Wednesday, February 27, 2013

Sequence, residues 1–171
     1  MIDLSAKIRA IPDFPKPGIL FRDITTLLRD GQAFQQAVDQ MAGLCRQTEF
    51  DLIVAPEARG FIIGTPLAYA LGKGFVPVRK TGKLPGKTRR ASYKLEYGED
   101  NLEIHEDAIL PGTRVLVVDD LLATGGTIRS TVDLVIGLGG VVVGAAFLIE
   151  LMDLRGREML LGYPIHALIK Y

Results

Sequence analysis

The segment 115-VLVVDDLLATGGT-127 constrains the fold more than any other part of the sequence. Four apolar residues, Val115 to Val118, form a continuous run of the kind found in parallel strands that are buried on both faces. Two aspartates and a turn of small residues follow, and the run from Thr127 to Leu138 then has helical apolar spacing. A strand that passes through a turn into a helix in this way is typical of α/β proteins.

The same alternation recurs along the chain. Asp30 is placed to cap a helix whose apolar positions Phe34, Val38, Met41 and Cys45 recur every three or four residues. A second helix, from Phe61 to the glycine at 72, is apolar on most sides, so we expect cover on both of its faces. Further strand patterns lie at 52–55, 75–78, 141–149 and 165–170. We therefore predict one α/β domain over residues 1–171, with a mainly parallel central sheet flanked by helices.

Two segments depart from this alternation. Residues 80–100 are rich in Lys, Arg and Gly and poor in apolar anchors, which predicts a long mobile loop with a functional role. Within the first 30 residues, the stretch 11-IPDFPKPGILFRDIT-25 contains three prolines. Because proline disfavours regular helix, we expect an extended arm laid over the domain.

John Kay's column in the Financial Times today, "Telling a Story Can Be More Useful Than Cold, Hard Maths," highlights differences in the standards of proof that prevail in legal and scientific thinking, but it speaks to historians as well. Save in the modern-day field of "economic history," quantitative methods have experienced a long decline in U.S. historical studies, and narrative methods now enjoy nearly unchallenged dominance. One implication of the centrality of story-telling to legal reasoning, I suppose, is that lawyers could make more extensive use of the talents of today's historians. But, in an age of "Big Data," we seem to be experiencing a resurgence of quantitative methods in historical studies (try googling "historians and 'Big Data'). Perhaps this methodological turn will generate new markets for historians' talents, too. A recent General Electric blog, for example, bears the title "Why We Need Historians." It turns out that GE's Intelligent Platforms folks offer a industrial-data management software that they've named Proficy Historian.